For dessert, Frances’s signature Lumberjack cake of Fuji apple, coconut, and dates, with Muscovado ice cream that tasted like a very rich fruit bread, dense and spicy. We liked it but couldn’t say we loved it.
Saturday night we experienced the Range, a livelier ambience with narrow dining rooms, and started with a large steaming bowl of manila clams with spicy fennel sausage in a savory broth soaked in garlic toast. There wasn’t a drop left. Our entrees were olive oil poached Alaskan cod with artichokes, spring peas, Meyer lemon and arugula-pistachio pistou in a very light broth, California rainbow trout with melted brussels sprouts, black trumpet mushrooms, freekeh-encrusted with a green peppercorn sauce, and their renowned coffee-rubbed pork shoulder with creamy hominy and collard greens. All three were so good we couldn’t decide which we liked the best. And, because we are gluttons, we ordered the decadent chocolate peanut butter mousse cake with honeyed peanuts and salted caramel cream. One dessert like that is a killer—three spoons finished off a memorable meal!
So, gentle readers, I think if I had only one evening in San Francisco then Range is where I would want to eat a dinner away from home. However, if you are in the mood for duck, it would be very difficult to match Frances—even in Paris, I do not think their duck can compare!
More than 200 artworks are now on exhibit at the Asian Art Museum in San Francisco (February 20-May 10, 2015), an exploration of Japanese art and the world of desire (“ukiyo-e”—floating world). Elaborate scrolls, woodblock prints, sculptures, and kimonos are vivid examples of the transient and evanescent world of the senses, particularly the highly rarified courtesan culture for the extremely wealthy samurai and aristocratic classes.
As the Buddha famously observed, a lifespan is like writing in water, a moment of illusion and sensory experience soon disappearing. The Yoshiwara district in Edo (1615-1868), now Tokyo, epitomized a uniquely Japanese subculture of entertainment (theatrical and musical performances) centered on sexual affairs. Special foods and sake were also reserved for those patrons affluent enough to partake.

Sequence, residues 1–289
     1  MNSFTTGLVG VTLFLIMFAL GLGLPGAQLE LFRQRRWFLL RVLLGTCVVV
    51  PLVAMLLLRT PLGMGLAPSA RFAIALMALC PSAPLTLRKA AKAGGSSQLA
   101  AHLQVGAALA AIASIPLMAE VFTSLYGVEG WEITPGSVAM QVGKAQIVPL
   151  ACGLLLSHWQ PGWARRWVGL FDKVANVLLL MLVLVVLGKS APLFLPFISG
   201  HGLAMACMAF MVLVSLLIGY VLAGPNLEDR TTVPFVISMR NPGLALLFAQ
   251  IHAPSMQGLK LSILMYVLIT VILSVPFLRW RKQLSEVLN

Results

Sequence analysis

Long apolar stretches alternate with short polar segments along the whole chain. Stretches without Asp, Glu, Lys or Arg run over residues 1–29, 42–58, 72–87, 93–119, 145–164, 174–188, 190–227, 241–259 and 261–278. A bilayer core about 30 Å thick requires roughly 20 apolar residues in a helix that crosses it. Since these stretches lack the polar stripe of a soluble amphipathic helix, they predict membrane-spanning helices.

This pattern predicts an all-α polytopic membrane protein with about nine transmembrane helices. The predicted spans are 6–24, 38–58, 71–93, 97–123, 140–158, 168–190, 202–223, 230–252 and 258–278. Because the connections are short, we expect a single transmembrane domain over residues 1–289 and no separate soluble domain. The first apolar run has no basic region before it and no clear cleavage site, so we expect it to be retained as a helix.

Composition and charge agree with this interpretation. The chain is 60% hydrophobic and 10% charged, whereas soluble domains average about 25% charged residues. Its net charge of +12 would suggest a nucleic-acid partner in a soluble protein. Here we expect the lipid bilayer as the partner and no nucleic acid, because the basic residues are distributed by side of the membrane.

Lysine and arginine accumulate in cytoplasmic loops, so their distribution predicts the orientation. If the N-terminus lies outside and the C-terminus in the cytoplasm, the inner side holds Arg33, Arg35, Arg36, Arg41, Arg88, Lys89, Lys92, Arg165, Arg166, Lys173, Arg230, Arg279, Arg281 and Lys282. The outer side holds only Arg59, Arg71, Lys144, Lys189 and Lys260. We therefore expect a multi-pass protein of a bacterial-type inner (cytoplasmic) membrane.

Into the world of unrestrained indulgence, ukiyo-e artists created paintings, woodblock prints, and sculpture idealizing the beauty of famous courtesans in their private quarters. One of the collection’s centerpieces, “A Visit to the Yoshiwara”, by Hishikawa Moronobu (whose wife was a former courtesan)—is a panoramic guide, a fifty-eight-foot-long handscroll taking the viewer on a journey inside the secret life of the courtesan, the tea houses and restaurants reserved only for the exclusive minority of Yoshiwara patrons.
The seductive portrayals of the Yoshiwara lifestyle are intended to both fascinate and entice the viewer who can only experience vicariously what that world must have been . These handblock prints were produced in multiple editions so cost was extremely low, the price of a bowl of noodles. Ordinary residents could enjoy the luxurious pleasure district in much the same way we are entertained by television and movies. A video of the technical difficulties of woodblock printmaking help the viewer appreciate the technical mastery of this art form by those artists on display.
The subtext for the contemporary observer has to include the darker side of these two exhibits: profiteering from sexual services. Yet there is an intriguing dichotomy: women poets have their delicate images displayed prominently in some prints, often evoking the tentative or ephemeral nature of life itself. Very Buddhist indeed.
Both “Seduction” and “The Printer’s Eye” unlock secrets of complex images, of sexuality and impermanent, with wit, charm, and a breathtaking beauty inherent in the finest detail of a rich life few could partake in. This is a world not to be missed!